Excellent online biography of Sophia Fahs

Talbot School of Theology in La Mirada, California, is close to completing a massive project: a Listing of Religious Educators, capsule biographies of some 160 key figures in Protestant, Catholic, and Orthodox religious education.

A quick scan seems to reveal that just one Unitarian Universalist religious educator makes it onto the list: that person is Sophia Fahs. The capsule biography of Fahs, written by Lucinda A. Nolan, Assistant Professor of Religious Education and Catechetics, Catholic University of America, Washington, D.C., is well worth reading. Of particular interest is Nolan’s careful and concise summary of Fahs’s theological development; through her curriculum books, Fahs had a major theological influence on Unitarian Unviersalism in the middle third of the last century, so her theological development had a significant impact on Unitarian Universalism’s theological development.

In addition to the capsule biography, Nolan provides an excellent bibliography, and offers several interesting excerpts from Fahs’s many books and articles. Many of the things Fahs said continue to be relevant today, such as this excerpt from Fahs’s last article, published in 1971:

“I believe that during the past as well as today Christian churches have been neglecting the children, even though Sunday Schools have been growing in size and equipment; and few theological seminaries give the education of the ministers to children their whole-hearted interest and respect…. At present it takes a very strong purpose and a willingness to sacrifice prestige for a man or a woman to enter the field of the religious education of the young. Ministers in preparation should be helped to feel more keenly the critical importance of the children.”

Since Fahs’s day, Unitarian Universalism has become a post-Christian religious body. Yet as someone who has moved from parish ministry to education ministry, I can attest to the fact that what Fahs said then remains true today: Unitarian Universalist ministers who start working with children and teenagers move down in the ministerial pecking order; and seminaries still do not adequately emphasize the critical importance of children and teenagers.

Link to the Fahs capsule biography.

Buds

As Carol and I went for a walk this evening, we passed by trees with swelling buds. Every so often I caught the scent of flowers blooming. This while the bulk of the United States east of the Rockies is being clobbered by a huge winter storm.

Update, 2/2: Headline on this morning’s edition of the San Mateo County Times, printed over photos of winter weather: “Aren’t you glad you live in California?”

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A little louder, please

A couple of evenings ago, Carol and I happened to be walking along the platform of the San Mateo Caltrain station on our way home. A woman sat on one of the benches, talking on her cell phone while waiting for a train.

“Tell her that you’re not going to have to talk with the D.A.,” she said in a clear, penetrating voice.

On the next bench over, another woman huddled into her jacket.

“No, tell her that the D.A. isn’t going to press charges,” she said, louder this time. “Just tell her that, OK?”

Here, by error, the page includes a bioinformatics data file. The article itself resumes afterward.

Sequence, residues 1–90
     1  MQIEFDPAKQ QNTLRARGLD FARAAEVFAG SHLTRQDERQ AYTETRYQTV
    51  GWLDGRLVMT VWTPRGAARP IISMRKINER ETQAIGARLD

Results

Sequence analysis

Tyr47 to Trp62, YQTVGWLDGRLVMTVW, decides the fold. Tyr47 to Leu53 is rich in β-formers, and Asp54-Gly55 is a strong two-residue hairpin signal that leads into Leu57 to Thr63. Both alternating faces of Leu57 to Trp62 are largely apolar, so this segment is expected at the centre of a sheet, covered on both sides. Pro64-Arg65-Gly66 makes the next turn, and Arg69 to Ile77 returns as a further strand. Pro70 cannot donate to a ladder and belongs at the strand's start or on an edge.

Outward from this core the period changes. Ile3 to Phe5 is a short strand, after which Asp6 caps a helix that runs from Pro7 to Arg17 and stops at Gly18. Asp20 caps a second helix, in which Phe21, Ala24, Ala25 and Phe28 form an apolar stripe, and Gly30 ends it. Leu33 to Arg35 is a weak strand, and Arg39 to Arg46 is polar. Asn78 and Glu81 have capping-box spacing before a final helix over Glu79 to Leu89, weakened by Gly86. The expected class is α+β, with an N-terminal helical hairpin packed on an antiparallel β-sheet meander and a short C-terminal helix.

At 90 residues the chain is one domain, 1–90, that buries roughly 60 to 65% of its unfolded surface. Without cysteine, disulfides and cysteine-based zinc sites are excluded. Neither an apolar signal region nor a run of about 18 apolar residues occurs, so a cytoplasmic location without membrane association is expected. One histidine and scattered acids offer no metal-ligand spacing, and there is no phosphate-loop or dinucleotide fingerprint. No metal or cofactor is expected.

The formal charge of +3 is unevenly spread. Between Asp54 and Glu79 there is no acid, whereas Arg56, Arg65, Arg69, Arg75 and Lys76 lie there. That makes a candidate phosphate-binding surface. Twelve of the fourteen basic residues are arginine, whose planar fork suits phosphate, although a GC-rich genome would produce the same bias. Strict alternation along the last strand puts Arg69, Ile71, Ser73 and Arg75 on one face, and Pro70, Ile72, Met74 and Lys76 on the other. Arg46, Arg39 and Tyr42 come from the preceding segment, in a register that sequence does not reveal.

We walked by. In a low voice, I said, “That’s not the kind of conversation I’d want to have in public.” Carol chuckled.

Springtime

I had to talk with someone in New England, who happened to mention all the snow on the ground there. I told them that here in the Bay area, we’ve been having warm days, with temperatures in the 60s. I did not tell them that as I was driving to work yesterday, I noticed that new green leaves are appearing on some of the deciduous trees; that for the last few days the evening air has been filled with the scent of flowers; that on Sunday I stood and watched a gorgeous male Anna’s Hummingbird (Calypte anna) in fresh bright plumage feeding at the hummingbird feeder hanging near my office.

Tibetan Monks, closing ceremony

The Tibetan Buddhist monks spent their final morning at the Palo Alto church. In addition to completing the sand mandala, they chanted for ten minutes in each worship service. As beautiful as the sand mandala was, I enjoyed the chanting the most: something about the low notes they managed to produce with their throat-singing, or more properly overtone singing, really got to me.

And of course they destroyed the sand mandala in a closing ceremony. They chanted for a good twenty minutes, and then one of them walked around the table and then drew his hand radially out from the center across the design in each quadrant and then again between each of those places. Then another monk came and swept the sand into the center; he used an ordinary four inch paint brush, which I thought was a nice touch; the best religious ceremonies mix the sublime with the ordinary.

The closing ceremony, just before the monks destroyed the mandala.

After the ceremony was over, I was talking with someone who said that twenty minutes of their chanting was plenty for her; but I said I disagreed, and could easily have listened for another hour.

An anecdote

Every Monday night, I sing with a group of people over in Berkeley. We always take a break halfway through the evening, and tonight two of the singers told us how they got held up at gunpoint in front of their house, at 5 in the afternoon, in a good neighborhood in Oakland. They were unharmed, but both of them were quite shaken by the experience. They said that the police told them that the continuing recession has made crime worse.